Scientists from the UK Universities of Sheffield and Sussex have been collaborating on an ambitious project to produce the first accurate computer models of a honey bee brain. The project is designed to help us advance our understanding of Artificial Intelligence, and how animals think. The UK team will build models of the systems in the brain that govern a honey bee’s vision and sense of smell – and then they will use the information to create the first flying robot able to sense and act as autonomously as a bee.
In the past, most flying robots follow pre-designated instructions, but the UK team aims to make sure that their robot brain will be able to perform complex tasks such as finding the source of particular odors or gases in the same way that a bee can identify particular flowers. It is hoped that if the research is successful, the technology could be used in applications such as search and rescue missions, or even mechanical pollination of crops.
The leader of the project, which is called ‘Green Brain’, Dr James Marshall said: “The development of an artificial brain is one of the greatest challenges in Artificial Intelligence. So far, researchers have typically studied brains such as those of rats, monkeys, and humans, but actually ‘simpler’ organisms such as social insects have surprisingly advanced cognitive abilities.”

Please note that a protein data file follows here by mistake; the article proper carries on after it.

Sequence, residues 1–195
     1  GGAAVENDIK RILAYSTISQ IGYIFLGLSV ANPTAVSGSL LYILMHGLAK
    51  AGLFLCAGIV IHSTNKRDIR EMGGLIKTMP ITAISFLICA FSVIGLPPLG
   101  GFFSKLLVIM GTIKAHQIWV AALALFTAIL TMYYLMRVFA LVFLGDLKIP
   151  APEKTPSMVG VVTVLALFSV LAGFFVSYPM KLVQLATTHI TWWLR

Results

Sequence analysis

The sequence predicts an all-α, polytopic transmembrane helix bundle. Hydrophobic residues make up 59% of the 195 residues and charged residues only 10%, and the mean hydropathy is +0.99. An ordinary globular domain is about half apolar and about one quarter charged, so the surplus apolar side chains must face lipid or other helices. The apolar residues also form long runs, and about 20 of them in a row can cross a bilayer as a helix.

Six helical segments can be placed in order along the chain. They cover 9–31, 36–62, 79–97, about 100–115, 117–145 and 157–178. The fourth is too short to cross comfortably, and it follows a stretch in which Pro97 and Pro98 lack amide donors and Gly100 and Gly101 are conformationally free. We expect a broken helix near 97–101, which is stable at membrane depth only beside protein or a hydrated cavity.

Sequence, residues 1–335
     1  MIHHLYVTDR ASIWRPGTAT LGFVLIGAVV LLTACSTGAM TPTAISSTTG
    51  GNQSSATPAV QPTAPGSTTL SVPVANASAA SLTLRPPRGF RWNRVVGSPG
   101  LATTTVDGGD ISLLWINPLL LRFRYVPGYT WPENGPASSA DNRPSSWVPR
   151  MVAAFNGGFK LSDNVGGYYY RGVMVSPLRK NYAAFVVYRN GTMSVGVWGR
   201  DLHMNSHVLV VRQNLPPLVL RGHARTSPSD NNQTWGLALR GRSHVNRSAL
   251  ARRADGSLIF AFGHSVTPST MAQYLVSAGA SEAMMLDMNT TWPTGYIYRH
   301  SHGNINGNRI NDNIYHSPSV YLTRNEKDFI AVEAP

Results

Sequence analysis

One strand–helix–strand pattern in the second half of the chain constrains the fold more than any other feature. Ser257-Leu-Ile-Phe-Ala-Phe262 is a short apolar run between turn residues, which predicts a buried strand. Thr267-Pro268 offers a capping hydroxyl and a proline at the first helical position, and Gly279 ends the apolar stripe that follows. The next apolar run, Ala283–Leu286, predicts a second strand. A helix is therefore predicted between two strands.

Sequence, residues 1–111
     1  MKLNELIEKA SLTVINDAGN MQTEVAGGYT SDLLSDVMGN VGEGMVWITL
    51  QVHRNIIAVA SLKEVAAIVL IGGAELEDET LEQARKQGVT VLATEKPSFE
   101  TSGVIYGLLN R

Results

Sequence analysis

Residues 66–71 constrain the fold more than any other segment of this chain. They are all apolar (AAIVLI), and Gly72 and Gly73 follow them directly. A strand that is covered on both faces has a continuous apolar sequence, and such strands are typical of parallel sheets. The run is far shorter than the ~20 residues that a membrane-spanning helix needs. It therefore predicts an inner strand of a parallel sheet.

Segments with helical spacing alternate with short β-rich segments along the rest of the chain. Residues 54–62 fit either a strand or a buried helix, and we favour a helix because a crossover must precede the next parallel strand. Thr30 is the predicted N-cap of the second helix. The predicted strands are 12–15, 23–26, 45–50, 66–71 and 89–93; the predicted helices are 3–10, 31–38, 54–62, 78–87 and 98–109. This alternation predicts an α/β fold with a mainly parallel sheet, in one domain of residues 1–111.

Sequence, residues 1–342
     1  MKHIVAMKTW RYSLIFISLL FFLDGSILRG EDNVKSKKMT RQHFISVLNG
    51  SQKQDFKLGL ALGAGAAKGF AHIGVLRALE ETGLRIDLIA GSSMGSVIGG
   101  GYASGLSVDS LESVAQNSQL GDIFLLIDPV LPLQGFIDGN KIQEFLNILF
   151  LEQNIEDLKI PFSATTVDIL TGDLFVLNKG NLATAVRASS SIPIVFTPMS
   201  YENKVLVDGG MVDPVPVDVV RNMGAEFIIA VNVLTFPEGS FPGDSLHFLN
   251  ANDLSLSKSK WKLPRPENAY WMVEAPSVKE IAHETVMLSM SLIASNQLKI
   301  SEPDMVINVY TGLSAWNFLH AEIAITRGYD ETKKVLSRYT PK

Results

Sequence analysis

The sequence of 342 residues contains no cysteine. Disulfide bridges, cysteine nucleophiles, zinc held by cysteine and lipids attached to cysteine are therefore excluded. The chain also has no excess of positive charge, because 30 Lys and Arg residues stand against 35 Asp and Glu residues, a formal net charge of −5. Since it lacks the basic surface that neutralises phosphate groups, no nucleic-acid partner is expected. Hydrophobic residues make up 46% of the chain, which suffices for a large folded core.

The team have been using hardware donated by NVIDIA Corporation. These accelerators provide a very efficient way of performing the massive calculations needed to simulate a brain using a standard desktop PC, rather than a large, expensive supercomputing cluster.
Green Brain’s researchers anticipate that developing a model of a honey bee brainwill offer a more accessible method of driving forward our knowledge of how a brain’s cognitive systems work, leading to advances in understanding animal and human cognition. “Because the honey bee brain is smaller and more accessible than any vertebrate brain, we hope to eventually be able to produce an accurate and complete model that we can test within a flying robot,” said Dr Marshall.
“Not only will this pave the way for many future advances in autonomous flying robots, but we also believe the computer modelling techniques we will be using will be widely useful to other brain modelling and computational neuroscience projects,” added Dr Nowotny.
+ University of Sheffield
via TG Daily
Images: eleZeta and Eggybird